Articles | Volume 12, issue 22
Biogeosciences, 12, 6707–6719, 2015
Biogeosciences, 12, 6707–6719, 2015

Research article 25 Nov 2015

Research article | 25 Nov 2015

Landscape-scale changes in forest canopy structure across a partially logged tropical peat swamp

B. M. M. Wedeux and D. A. Coomes

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Cited articles

Abood, S. A., Lee, J. S. H., Burivalova, Z., Garcia-Ulloa, J., and Koh, L. P.: Relative contributions of the logging, fiber, oil palm, and mining industries to forest loss in Indonesia, Conserv. Lett., 8, 58–67, 2014.
Aldhous, P.: Land remediation: Borneo is burning, Nature, 432, 144–146, 2004.
Andersen, H. E., Reutebuch, S. E., McGaughey, R. J., D'Oliveira, M. V. N., and Keller, M.: Monitoring selective logging in western Amazonia with repeat lidar flights, Remote Sens. Environ., 151, 157–165, 2013.
Anderson, J. A. R.: The Ecological Types of the Peat Swamp Forests of Sarawak and Brunei in Relation to Their Silviculture, PhD thesis, University of Edinburgh, Edinburgh, UK, 1961.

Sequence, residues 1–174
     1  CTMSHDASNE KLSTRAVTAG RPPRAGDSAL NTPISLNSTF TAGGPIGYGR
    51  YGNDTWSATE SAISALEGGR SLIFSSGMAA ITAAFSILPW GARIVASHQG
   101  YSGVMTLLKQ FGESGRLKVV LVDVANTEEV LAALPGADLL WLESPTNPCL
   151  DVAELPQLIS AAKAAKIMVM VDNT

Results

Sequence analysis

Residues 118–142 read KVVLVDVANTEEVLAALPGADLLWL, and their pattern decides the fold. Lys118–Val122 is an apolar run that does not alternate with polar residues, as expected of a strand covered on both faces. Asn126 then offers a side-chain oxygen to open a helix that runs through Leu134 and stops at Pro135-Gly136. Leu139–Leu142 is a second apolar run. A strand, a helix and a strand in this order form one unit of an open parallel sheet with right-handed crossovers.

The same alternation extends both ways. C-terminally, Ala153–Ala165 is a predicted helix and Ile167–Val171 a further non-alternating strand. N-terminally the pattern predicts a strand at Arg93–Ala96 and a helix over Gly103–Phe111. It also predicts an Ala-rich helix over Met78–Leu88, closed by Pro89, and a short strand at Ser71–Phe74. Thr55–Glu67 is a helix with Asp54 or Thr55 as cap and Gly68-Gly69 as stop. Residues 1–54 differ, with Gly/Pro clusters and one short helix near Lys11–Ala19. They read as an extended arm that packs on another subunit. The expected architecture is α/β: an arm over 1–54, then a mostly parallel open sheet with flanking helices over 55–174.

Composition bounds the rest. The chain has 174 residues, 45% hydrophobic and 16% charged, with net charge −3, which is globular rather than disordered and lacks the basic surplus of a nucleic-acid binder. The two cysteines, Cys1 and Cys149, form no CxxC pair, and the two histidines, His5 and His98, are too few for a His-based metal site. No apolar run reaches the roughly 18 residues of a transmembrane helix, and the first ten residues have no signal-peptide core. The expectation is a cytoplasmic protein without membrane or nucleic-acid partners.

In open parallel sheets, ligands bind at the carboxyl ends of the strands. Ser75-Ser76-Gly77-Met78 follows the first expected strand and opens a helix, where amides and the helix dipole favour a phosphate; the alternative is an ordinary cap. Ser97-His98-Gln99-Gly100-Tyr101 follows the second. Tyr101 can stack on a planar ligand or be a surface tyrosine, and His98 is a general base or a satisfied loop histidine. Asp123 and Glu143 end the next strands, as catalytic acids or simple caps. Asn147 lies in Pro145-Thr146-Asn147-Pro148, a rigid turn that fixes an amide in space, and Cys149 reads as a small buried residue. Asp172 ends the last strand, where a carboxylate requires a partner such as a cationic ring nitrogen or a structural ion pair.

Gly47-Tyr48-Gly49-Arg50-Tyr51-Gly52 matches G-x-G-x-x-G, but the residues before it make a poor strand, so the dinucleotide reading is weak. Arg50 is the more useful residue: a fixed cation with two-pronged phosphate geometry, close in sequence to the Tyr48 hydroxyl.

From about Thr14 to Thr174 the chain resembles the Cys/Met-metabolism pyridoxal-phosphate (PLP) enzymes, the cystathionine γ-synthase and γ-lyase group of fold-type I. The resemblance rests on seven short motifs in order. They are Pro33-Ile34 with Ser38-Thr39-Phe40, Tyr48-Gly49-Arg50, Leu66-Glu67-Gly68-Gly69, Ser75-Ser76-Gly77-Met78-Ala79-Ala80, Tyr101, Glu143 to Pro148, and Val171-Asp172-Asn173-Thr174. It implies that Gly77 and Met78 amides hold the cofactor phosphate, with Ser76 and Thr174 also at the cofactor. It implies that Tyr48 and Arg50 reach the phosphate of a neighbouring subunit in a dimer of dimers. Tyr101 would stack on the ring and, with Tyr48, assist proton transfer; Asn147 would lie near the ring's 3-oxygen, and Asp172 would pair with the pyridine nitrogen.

Anfodillo, T., Carrer, M., Simini, F., Popa, I., Banavar, J. R., and Maritan, A.: An allometry-based approach for understanding forest structure, predicting tree-size distribution and assessing the degree of disturbance, Proc. Biol. Sci., 280, 20122375,, 2013.
Short summary
Canopy height and gaps of tropical peat swamp forests, measured by airborne laser scanning, were influenced by an interplay of environmental factors and selective logging. Structural recovery after logging depended strongly on peat depth and the landscape-scale relationship between forest height and canopy gap structure was lost in selectively logged forests. Results suggest slowest recovery on deep waterlogged and infertile peat, which is of relevance to management and conservation activities.
Final-revised paper